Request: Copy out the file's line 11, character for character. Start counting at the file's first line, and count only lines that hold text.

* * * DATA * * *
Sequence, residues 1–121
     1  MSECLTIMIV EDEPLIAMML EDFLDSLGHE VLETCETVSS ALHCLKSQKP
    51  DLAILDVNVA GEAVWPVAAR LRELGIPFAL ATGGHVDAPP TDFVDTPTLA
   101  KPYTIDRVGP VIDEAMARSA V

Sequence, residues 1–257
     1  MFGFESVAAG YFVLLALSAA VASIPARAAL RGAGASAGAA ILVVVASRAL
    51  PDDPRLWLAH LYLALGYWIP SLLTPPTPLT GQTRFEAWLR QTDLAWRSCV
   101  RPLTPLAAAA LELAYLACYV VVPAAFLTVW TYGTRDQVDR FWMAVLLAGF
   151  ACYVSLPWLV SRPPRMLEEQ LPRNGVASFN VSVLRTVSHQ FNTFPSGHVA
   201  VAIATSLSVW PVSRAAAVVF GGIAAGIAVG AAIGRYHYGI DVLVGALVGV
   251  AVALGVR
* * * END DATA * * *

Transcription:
   251  AVALGVR